Having fallen by 13% since the EU referendum, shares in Whitbread (LSE: WTB) now appear to offer excellent value for money. They trade on a price-to-earnings (P/E) ratio of 14.9, which given the company’s long-term growth outlook seems to be rather cheap.

Certainly, Whitbread is a UK-focused business. Its Premier Inn hotel chain has been a major success story of recent years. However, a UK recession could cause budget hotels to enjoy even greater popularity as consumers trade down to lower-cost options. Furthermore, Premier Inn also has international expansion potential, which could prove to be a further phase of growth for Whitbread’s earnings.

Similarly, Whitbread’s Costa Coffee is also expanding abroad. The division will benefit in this regard from a weaker sterling. Furthermore, coffee and other beverages are now not so much a consumer discretionary item, but rather a consumer staple. As the credit crunch showed, consumers are unwilling to give up little luxuries such as a cup of latte or mocha, and so Costa Coffee could prove to be very resilient and push Whitbread’s net profit ever higher.

Margin of safety

Also offering upside potential is Boohoo.Com (LSE: BOO). The online fashion retailer has international operations, so weakness in the UK economy may be offset by strength from its foreign operations. Furthermore, Boohoo is a relatively cheap place to shop and so it could enjoy a boost to sales if shoppers feel the pinch and decide to trade downwards. This is what occurred during the credit crunch and history could well repeat itself in 2016 and beyond.

In addition, Boohoo sells its own-label products. This means that over recent years it has built up a degree of customer loyalty that could make its goods less price elastic. This could shelter Boohoo from a potential downturn in the UK economy and with its shares trading on a price-to-earnings growth (PEG) ratio of only 1.3, they seem to offer a sufficiently wide margin of safety to merit purchase at the present time.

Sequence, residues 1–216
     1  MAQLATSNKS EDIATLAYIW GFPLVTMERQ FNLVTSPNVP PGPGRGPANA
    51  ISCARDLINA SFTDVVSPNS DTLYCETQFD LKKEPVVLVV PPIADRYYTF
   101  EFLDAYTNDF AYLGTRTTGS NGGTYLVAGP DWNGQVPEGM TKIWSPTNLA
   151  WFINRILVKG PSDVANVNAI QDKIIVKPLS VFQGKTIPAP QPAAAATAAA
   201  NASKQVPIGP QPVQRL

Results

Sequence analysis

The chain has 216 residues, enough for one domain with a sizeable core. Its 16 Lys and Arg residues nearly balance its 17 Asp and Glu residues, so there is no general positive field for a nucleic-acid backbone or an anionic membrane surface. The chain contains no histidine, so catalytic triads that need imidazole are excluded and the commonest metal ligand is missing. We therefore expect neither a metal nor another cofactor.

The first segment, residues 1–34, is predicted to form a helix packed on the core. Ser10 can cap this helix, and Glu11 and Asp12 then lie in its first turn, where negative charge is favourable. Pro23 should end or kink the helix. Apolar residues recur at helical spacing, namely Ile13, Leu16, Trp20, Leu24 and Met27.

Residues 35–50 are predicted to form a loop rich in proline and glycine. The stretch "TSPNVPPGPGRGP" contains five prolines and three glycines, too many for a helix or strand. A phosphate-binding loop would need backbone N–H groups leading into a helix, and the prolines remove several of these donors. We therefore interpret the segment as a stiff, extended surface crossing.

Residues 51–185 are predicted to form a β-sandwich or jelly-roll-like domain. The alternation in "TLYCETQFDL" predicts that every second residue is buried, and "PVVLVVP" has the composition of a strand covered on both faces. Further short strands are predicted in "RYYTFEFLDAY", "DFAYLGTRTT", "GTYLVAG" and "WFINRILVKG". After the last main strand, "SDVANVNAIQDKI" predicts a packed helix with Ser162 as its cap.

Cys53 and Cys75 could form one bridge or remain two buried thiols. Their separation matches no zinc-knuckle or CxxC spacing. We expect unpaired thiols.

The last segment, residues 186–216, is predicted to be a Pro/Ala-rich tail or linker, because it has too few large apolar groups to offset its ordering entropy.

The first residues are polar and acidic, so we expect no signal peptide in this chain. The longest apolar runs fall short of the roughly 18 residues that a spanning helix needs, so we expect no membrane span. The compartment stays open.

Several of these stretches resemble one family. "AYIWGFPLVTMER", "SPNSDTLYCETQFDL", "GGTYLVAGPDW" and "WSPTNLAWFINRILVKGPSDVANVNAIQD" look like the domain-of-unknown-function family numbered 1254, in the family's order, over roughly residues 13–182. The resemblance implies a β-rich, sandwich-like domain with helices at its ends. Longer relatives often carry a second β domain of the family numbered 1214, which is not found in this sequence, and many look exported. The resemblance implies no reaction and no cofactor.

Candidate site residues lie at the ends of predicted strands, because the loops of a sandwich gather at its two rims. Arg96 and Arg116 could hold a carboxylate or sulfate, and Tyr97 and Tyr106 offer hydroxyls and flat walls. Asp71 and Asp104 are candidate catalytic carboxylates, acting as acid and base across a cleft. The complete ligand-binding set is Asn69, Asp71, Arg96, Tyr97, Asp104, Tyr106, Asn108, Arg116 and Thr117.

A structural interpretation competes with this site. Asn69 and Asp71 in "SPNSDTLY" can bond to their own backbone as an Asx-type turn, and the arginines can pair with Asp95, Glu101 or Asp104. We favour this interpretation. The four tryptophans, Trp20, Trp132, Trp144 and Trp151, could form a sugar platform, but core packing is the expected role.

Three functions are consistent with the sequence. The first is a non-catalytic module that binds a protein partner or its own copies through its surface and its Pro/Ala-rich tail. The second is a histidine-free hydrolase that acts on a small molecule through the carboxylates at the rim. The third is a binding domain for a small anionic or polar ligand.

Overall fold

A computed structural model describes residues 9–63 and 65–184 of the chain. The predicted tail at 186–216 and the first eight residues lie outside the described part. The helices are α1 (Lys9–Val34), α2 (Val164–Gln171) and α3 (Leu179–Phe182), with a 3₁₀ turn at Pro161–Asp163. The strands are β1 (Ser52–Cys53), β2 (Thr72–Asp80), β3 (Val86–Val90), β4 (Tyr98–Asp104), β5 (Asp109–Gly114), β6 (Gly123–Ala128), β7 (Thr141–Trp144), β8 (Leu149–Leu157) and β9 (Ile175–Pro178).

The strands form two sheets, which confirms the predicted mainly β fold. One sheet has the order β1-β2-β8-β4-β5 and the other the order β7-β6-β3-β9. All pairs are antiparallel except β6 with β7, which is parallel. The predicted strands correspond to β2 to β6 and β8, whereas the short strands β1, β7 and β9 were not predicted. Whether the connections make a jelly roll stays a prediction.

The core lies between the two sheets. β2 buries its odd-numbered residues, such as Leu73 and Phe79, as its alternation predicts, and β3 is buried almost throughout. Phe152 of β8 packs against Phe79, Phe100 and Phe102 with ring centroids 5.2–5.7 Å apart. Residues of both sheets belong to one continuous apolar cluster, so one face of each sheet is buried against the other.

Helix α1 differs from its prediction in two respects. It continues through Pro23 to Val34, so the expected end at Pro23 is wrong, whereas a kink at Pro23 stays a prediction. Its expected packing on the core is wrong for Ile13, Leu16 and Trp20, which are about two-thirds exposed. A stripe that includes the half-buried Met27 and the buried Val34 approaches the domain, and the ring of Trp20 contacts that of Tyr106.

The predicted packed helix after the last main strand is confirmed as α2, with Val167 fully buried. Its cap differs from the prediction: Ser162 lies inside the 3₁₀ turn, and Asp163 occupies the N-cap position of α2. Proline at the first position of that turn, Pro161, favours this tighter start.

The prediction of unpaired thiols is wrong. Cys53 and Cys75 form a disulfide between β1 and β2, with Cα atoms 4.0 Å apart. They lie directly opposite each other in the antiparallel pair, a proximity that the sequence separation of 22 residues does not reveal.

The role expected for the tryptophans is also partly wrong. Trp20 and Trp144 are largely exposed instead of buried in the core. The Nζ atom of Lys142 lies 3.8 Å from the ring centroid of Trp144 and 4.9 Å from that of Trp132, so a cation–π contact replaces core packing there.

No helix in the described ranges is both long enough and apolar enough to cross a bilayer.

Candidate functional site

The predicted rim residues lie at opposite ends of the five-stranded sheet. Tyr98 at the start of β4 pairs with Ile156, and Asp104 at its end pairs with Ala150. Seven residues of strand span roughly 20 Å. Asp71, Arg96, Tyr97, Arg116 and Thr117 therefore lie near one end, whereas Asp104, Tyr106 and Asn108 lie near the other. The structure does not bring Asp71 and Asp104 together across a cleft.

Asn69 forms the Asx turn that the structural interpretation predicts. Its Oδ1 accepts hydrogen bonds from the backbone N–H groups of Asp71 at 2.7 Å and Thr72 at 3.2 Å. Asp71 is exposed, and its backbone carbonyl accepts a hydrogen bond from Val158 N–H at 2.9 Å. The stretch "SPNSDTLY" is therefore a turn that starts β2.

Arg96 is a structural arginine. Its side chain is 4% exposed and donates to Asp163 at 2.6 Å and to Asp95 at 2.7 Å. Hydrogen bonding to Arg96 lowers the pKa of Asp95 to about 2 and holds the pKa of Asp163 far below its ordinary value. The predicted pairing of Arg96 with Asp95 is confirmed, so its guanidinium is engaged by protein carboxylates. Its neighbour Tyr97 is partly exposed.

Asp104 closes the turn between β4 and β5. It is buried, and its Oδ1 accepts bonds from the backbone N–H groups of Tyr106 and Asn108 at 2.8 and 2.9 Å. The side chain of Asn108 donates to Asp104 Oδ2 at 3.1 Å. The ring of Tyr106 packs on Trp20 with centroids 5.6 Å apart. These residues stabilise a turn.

Significant upside

Meanwhile, Tullow Oil’s (LSE: TLW) share price isn’t dependent on the performance of the UK economy. However, it’s closely linked to the price of oil. A downturn in the price of black gold can’t be ruled out over any time period, since supply remains high and demand sluggish. This means that the billions of dollars in writedowns that were seen in recent years could return, which is a clear risk to Tullow’s financial outlook.

However, with Tullow trading on a PEG ratio of only 0.1, it seems to offer limited downside and significant upside. Its new project in Ghana is about to come on-stream according to the company’s update at the end of June. This is likely to be a game-changer for the company and should aid cash flow, thereby seeming to make Tullow’s debt profile more manageable. This could cause investor sentiment in the stock to improve even after Tullow has risen by 54% in the last six months.

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Peter Stephens owns shares of Whitbread. The Motley Fool UK has no position in any of the shares mentioned. We Fools don't all hold the same opinions, but we all believe that considering a diverse range of insights makes us better investors.